A San Diego mother acting as a surrogate gave the gift of life to another couple, only to lose her own during childbirth.
Michelle Reaves, described as the matriarch of her family, gave birth last week to a healthy baby via an emergency C-section, but lost too much blood in the process, according to her family. Doctors fought to save the 36-year-old woman, but were unsuccessful.
The "compassionate" and "very direct" mother of a young son and daughter encountered multiple complications after going into labor, her brother-in-law, Jeff Romero, told People.
Reaves was serving as a surrogate for the second time for the same family, her relatives said. She had felt fine during her initial months of pregnancy, but was put on bed rest about eight weeks ago after doctors determined her pregnancy was high risk, Romero said.
"So there was some indication going into it that it might not be seamless," he said. But no one expected the worst.
In the delivery room, Reaves began losing blood and doctors performed emergency surgery to save the baby. Reaves was twice resuscitated, Romero said, and medical staff thought she was out of the woods.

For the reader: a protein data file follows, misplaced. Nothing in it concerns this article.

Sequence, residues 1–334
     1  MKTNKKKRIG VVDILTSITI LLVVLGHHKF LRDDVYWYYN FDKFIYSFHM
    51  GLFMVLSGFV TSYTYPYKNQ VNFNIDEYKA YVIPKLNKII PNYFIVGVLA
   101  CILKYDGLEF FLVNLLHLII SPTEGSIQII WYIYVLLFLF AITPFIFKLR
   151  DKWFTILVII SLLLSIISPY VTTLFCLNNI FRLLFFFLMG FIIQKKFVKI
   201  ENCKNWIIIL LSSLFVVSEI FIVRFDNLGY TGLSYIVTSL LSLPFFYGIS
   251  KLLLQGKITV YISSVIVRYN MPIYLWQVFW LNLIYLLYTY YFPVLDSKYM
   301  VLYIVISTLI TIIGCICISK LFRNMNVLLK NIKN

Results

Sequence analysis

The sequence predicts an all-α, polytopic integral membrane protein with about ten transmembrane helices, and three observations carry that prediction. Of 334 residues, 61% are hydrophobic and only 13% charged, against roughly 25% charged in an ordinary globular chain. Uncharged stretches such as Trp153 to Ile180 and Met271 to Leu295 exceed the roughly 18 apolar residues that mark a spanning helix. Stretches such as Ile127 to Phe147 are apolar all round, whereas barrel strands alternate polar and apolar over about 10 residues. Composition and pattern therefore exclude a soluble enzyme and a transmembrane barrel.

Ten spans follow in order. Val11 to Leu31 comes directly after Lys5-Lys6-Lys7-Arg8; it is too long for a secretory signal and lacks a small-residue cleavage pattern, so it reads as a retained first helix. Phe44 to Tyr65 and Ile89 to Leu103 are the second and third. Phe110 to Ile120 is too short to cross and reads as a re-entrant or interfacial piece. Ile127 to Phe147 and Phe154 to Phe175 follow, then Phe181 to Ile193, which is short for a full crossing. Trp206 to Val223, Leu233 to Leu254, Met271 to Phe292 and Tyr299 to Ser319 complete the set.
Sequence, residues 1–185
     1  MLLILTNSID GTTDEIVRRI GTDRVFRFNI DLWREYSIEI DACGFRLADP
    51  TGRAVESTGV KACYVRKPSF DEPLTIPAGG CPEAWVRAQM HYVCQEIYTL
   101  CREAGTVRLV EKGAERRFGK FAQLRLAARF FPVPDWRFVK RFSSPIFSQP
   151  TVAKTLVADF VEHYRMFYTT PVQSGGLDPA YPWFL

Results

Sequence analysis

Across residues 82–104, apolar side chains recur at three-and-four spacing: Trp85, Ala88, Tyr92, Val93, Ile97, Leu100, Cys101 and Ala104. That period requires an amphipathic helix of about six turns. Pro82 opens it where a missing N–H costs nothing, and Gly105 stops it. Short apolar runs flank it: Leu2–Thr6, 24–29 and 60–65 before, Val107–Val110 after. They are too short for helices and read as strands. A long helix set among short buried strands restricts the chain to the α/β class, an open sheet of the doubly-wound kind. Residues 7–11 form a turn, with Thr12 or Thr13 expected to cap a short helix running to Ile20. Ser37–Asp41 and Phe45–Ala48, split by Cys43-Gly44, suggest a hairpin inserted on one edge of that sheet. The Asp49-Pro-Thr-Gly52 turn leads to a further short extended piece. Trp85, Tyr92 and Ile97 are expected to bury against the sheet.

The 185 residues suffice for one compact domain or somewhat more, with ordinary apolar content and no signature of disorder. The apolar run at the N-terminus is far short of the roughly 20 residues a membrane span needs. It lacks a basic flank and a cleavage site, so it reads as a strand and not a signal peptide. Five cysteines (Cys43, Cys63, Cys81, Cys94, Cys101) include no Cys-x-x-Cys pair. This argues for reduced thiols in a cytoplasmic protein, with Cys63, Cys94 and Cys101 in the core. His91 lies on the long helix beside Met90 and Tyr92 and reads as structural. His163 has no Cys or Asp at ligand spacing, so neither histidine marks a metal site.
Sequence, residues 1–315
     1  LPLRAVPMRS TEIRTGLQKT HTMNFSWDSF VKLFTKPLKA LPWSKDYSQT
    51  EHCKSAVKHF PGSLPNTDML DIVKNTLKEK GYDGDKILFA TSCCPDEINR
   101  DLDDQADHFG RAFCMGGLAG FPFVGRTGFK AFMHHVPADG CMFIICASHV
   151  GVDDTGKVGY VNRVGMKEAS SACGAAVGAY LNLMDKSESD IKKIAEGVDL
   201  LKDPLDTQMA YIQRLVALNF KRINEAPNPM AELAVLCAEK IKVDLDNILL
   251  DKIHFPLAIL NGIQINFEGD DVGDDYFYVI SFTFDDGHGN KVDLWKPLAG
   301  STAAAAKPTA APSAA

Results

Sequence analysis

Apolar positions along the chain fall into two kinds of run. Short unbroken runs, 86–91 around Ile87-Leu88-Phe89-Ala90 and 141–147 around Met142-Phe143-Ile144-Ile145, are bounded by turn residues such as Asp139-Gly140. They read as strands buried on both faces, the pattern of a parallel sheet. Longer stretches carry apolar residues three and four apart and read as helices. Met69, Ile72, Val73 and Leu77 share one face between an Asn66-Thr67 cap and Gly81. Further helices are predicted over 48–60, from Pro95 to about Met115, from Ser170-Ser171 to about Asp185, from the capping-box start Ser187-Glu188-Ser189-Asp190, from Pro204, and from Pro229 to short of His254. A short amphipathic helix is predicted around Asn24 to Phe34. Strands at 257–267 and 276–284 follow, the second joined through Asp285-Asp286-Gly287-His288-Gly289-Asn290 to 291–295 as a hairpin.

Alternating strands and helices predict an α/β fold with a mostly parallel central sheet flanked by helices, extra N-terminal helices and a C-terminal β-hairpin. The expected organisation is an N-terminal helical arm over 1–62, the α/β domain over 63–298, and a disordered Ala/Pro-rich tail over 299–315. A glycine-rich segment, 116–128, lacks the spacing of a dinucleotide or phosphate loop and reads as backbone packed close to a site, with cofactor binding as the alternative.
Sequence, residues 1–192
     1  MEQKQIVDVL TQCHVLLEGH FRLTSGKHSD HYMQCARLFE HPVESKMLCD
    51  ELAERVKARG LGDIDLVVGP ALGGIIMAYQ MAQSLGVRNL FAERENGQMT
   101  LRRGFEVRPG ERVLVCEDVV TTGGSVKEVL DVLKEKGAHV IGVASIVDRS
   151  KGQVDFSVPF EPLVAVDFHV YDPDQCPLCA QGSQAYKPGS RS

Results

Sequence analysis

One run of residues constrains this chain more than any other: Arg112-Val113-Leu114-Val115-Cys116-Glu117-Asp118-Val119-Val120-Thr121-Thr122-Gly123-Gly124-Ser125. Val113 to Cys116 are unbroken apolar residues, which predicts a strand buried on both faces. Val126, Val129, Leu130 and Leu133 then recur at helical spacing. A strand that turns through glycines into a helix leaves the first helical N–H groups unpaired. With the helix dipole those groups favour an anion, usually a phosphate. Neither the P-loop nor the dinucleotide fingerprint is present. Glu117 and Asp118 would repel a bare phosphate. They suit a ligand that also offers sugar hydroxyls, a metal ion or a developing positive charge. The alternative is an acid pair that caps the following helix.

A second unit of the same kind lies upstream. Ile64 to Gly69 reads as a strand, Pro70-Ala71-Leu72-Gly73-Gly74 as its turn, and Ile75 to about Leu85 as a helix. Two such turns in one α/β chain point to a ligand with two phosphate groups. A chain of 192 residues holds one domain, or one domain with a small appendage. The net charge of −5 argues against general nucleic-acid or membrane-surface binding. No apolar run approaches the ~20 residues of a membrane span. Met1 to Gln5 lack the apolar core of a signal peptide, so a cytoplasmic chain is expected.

"She died a couple of times on the table, and they brought her back, and then for a couple of hours, it was, 'That was really a close one, she's in for a long recovery,' and we kind of thought that things were going to be OK," he said. "And then she coded and they said she had just lost too much blood, they couldn't bring her back."
She may have suffered a placental abruption, a condition in which the placenta pulls away from the uterus and amniotic fluid enters the bloodstream, according to Romero.
A GoFundMe page has been established for the heartbroken family, and as of Wednesday had taken in more than $69,000 for her husband Chris Reaves and the couple's two children, Gage, 7, and Monroe, 3.
"For those of you who didn’t have the pleasure of knowing Michelle, she will always be known for the love she had for her family. Michelle has the best, most sarcastic, funny personality and always had you laughing," wrote friend Jaime Herwehe on the fundraising page.
"I want to start this page to help raise money for help with the kids, for Chris as they all adjust, funeral services, or anything at all to make it as easy as we can on them," Herwehe said.
"No one deserves to lose their mama so young, or the mother of their children," she wrote.
Reaves was one of those folks whose greatest pleasure came from helping others, her brother-in-law said.
"She wanted to do something that could be helpful to some people," he said. "She felt this was a way that she could contribute."
She and her family had planned a trip to Hawaii, a place she'd never been, to celebrate the end of her pregnancy, Romero said.
"It was really very sudden. Not something that anybody was anticipating," he said. "So ... the family is still in shock and not sure what to do next and kind of reeling from it."